http://www.rafflecopter.com/rafl/display/0cd52417/" rel="nofollow">a Rafflecopter giveaway
http://www.rafflecopter.com/rafl/display/0cd52417/" rel="nofollow">a Rafflecopter giveaway
Great interview! These books sound like an adventure. ^^ Thanks for the giveaway!
This looks awesome!!! :D
Where are you published? What time of day do you write?
Great interview! Thanks so much for sharing. I'm always looking for new fantasy to read (and, hey, I went to Taylor University, too, so... HI!) :)
I'm terrible at thinking up questions. Erm... okay, not book-related, but what years were you at TU?
Your books sound really fun!
Ooo, what a fun sounding adventure! It is funny how we authors love to throw the worst possible situations at our poor characters.
Which character would you like to actually meet in your stories? Is there something you'd like to be taught by one of your characters?
It's great that you were published at 18!
Congratulations, Ms. Green. Your stories sound fantastic. Since the villain is your favorite character, do you think there is a possibility he might have a change of heart? I love developing villains, too, the truly despicable ones and the ones you cannot help but feel sorry for. Keep up the excellent work.
These books sound so cool. I'll have to see if I can try them out.
Question: what's your strategy for defeating Writer's Block?
Thanks for the interview and the giveaway!
Wow! these look so amazing! How many books do you have planned?
Whoa these sound amazing! I love all the titles.
Did you have a favorite book growing up? (I mean, certainly you have favorites now, but I mean before you began writing)
I love your picture of you holding 'Quest for the Scorpion's Jewel'. It's just the sort of thing I would do but you pull it off better. ;)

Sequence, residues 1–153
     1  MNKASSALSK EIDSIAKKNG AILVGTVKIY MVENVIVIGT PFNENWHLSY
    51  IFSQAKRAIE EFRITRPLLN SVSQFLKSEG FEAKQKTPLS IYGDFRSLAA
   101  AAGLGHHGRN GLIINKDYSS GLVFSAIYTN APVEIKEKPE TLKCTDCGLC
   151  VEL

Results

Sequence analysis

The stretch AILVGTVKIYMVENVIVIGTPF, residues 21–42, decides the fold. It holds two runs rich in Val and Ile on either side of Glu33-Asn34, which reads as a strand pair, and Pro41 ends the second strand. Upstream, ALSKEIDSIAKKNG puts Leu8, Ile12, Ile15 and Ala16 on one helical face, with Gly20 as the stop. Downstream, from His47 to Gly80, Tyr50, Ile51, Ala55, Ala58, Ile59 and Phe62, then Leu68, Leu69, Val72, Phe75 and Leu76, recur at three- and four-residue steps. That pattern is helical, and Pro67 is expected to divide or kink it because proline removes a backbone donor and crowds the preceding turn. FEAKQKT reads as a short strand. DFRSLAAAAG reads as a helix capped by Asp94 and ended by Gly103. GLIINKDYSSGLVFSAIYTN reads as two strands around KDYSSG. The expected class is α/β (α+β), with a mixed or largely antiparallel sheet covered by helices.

This sounds exciting! You are definitely going on my to-read list.
Hi Amy and thanks so much for sharing on Anne Elisabeth's blog! I think it's so sweet that you wrote that first book for your sister as a birthday gift, SOOOO thoughtful and creative :) You're definitely on my TBR list, loved getting to know you here. Thanks for the giveaway, blessings!
First of all, that's great that you got your first book contract when you were eighteen. I am seventeen and have been working toward publication, so it was encouraging to hear that you were able to get published when you were so young (not to say that will happen to me, as every writer's journey to publication is different).
My question would be, how did you juggle college and being a published author?
I'm looking forward to taking a look at your books!
Do you like Doctor Who?
Three cheers for more fantasy books! Nice interview - here's hoping I win :)
Oh my! I am so excited about discovering this new fantasy series. Thanks for sharing!
I noticed a bit of foreign language in the excerpt. Did you create your own language?
Wow, so many comments! It's great to hear from you all! I'll answer them all, I promise. But one at a time. :)
@Anna B. asked, "Where are you published? What time of day do you write?"
The Amarias Adventures are published with Warner Press. And since I did almost all of my writing in college, I wrote during breaks, over the summer, and sometimes even in the library when I probably should have been working on a paper. But I've never been much of a late night writer.
Hi, fellow Taylor grad! So many cool people out there in the middle of nowhere. I just graduated in 2013.
@Hannah asked, "Which character would you like to actually meet in your stories? Is there something you'd like to be taught by one of your characters?"
Ooh. So hard. I think I'd like to meet one of my minor characters, Noa, who shows up in Book Two. Basically, he's an outcast for refusing to bury the truth of something terrible that happened in the past. I've always felt like he would be a great storyteller. Plus, I want to give him a hug.
As for being taught something...wow, I'm not even sure if this actually comes up in the books, but Silas can throw his voice, and I've always wanted to learn how to do that.
@Meredith asked, "Do you think there is a possibility your villain might have a change of heart?"